indices. For example, the screened intervals for the wells in the studies are at a wide range of depths from the water table, and many of the wells, particularly the community water system wells in the National Pesticide Survey, are from deeper, confined aquifers. Note, however, that in the National Alachlor Well Water Survey, a simple measure of vulnerability (based on the most likely aquifer tapped) is associated with pesticide contamination despite a less than clear relationship between the well-specific DRASTIC score and pesticide occurrence.
In addition to evidence from ground water observations of chemicals introduced by humans, various types of geochemical data may be useful in evaluating a vulnerability assessment, particularly the intrinsic vulnerability of an aquifer system. The types of ions in solution and their concentrations result from chemical processes responding to the lithology and hydrologic flow pattern of a particular hydrologic system (Freeze and Cherry 1979). Thus, the ionic composition of water in different locations may be an important indicator of flow paths of water through the subsurface and, in some instances, of the sources of water. For example, in a study of part of the coastal plain in Maryland and Delaware, Hamilton and Denver (1990) found that areas affected by agricultural chemicals could be identified by a distinct chemical signature of major inorganic constituents. Furthermore, measurements of isotopic data may be useful in the evaluation process. For example, elevated levels of tritium (a hydrogen isotope associated with the atmospheric testing of nuclear weapons) indicate that at least part of the ground water withdrawn from a well originally recharged the system after the early 1950s and hence helps distinguish young water from older water. The use of environmental isotopes and selected other chemicals as indicators of young ground water is reviewed in Plummer et al. (1993).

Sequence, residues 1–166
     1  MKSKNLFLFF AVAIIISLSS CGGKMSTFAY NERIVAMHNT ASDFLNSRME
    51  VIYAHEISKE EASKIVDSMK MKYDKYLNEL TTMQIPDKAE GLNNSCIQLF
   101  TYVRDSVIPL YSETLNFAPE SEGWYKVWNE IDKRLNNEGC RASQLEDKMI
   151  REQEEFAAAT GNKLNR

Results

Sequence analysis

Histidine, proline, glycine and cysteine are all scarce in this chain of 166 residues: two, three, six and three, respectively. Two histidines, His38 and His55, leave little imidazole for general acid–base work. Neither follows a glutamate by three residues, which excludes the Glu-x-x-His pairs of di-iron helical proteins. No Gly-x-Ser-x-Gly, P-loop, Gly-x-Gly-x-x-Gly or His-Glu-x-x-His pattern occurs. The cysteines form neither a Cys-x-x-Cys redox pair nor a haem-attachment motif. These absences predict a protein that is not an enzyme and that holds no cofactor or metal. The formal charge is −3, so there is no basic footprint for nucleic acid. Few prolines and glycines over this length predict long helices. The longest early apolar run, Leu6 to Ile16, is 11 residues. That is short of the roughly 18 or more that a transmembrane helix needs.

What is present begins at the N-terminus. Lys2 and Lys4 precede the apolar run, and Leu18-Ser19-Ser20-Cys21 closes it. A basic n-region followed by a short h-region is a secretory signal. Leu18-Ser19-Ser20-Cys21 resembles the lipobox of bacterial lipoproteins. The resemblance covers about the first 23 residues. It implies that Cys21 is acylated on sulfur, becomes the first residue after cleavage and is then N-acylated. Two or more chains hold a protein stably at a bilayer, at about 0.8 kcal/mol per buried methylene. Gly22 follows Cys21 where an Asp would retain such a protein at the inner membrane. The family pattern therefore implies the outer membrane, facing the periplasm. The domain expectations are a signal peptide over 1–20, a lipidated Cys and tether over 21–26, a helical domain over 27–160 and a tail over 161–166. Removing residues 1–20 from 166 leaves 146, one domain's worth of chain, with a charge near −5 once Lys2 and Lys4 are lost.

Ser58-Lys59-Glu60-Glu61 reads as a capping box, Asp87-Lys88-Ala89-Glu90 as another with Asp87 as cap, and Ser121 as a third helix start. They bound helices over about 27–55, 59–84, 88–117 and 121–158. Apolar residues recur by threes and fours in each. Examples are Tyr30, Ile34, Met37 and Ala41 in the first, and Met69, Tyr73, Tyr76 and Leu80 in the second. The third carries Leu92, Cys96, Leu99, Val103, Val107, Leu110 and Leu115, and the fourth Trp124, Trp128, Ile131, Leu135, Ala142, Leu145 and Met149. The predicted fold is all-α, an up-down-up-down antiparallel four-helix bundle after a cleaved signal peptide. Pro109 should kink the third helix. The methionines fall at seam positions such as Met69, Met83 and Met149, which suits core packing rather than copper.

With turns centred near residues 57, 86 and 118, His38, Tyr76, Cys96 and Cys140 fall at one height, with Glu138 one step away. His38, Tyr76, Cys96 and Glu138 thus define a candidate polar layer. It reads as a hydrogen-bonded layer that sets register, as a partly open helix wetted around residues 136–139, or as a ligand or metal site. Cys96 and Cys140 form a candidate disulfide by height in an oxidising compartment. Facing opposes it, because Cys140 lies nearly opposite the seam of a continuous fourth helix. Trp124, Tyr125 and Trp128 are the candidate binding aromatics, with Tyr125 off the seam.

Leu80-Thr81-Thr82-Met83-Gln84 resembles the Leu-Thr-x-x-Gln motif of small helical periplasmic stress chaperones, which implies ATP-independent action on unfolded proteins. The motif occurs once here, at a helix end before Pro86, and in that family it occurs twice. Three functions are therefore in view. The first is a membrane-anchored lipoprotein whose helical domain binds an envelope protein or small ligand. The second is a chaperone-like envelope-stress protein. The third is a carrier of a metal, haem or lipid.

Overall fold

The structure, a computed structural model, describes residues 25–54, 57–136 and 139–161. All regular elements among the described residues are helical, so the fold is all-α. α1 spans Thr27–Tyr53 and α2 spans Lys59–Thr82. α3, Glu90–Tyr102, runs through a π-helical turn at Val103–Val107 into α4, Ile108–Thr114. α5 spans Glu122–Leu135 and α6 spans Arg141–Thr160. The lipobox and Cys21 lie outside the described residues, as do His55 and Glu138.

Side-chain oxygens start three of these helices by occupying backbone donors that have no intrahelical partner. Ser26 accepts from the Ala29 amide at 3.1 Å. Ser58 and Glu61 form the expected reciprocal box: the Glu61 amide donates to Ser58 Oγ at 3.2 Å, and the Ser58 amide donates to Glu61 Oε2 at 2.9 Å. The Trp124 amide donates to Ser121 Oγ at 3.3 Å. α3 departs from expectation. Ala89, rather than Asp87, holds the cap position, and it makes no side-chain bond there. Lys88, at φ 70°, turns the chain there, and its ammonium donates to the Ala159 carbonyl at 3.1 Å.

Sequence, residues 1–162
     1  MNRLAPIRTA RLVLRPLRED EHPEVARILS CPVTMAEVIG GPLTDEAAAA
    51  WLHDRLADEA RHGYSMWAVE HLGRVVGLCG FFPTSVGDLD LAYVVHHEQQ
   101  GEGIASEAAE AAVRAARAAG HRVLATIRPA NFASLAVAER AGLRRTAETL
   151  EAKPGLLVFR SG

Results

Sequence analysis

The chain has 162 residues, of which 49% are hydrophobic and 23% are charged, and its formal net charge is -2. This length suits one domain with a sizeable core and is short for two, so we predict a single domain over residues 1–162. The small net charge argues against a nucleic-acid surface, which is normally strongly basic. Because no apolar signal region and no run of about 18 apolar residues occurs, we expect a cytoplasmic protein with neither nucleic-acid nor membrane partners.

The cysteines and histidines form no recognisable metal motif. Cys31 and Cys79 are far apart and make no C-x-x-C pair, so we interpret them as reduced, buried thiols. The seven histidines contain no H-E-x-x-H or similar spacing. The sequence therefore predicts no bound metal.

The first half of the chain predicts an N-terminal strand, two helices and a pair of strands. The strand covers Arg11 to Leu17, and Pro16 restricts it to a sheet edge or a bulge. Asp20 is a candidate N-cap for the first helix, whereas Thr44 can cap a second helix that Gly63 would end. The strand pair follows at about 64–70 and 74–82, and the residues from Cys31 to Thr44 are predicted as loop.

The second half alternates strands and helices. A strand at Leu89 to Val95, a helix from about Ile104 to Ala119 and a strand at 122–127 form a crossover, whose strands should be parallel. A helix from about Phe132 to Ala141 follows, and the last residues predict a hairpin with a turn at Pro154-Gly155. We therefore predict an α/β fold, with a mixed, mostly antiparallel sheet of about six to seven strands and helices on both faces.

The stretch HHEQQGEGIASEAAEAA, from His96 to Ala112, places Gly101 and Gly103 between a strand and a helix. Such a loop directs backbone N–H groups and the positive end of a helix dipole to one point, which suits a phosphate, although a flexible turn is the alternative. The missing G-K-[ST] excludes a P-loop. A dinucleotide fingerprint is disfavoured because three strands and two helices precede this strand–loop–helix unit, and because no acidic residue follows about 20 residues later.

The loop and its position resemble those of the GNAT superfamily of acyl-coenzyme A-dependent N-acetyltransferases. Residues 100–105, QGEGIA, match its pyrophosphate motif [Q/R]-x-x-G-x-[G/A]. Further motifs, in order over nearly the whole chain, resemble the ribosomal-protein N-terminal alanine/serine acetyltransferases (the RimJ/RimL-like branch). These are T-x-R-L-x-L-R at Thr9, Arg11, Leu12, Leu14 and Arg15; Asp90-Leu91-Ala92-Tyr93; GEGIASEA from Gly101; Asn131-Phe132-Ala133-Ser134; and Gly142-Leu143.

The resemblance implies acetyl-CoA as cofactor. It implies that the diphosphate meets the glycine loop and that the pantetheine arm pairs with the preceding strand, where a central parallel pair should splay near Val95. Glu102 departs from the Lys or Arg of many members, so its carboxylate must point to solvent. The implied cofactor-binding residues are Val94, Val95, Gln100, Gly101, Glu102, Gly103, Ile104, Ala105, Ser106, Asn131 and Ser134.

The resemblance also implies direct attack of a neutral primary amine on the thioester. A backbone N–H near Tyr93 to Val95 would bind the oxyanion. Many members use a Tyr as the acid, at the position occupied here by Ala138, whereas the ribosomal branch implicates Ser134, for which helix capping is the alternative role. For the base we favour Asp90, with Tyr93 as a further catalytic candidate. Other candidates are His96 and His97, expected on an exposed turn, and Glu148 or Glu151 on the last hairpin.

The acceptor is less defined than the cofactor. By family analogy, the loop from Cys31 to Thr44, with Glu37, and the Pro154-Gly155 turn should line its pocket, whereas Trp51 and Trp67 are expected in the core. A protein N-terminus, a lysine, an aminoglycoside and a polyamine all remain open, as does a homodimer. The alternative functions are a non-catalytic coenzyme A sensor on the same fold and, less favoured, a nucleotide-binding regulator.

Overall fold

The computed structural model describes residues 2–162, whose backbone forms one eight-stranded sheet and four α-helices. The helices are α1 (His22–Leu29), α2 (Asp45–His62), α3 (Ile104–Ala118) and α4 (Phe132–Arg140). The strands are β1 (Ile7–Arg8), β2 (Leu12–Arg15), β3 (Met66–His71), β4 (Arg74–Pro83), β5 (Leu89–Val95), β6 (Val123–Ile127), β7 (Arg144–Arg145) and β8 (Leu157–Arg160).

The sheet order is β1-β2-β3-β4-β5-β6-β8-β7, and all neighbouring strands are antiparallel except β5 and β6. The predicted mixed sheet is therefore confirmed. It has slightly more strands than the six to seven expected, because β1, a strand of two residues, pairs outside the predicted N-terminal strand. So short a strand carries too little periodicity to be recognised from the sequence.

Vulnerability approaches are calibrated and validated using measured concentrations of contaminants in samples of ground water. In addition to analytical errors, the accuracy of the water quality data is constrained by how ground water samples are taken (Nelson and Dowdy 1990). The methods for obtaining representative ground water samples are relatively controversial, and errors can occur when: (1) samples are inappropriately handled, preserved, or stored, (2) ground water chemistry is stratified with depth below the water table, (3) and different pumping and purging methods are used. In addition, errors related to inappropriate sample processing occur when air is accidentally introduced to the sample (changing the redox status, which affects solubility of dissolved metals) and when samples are not preserved for later analysis (bioactivity may affect nutrients, organic compounds,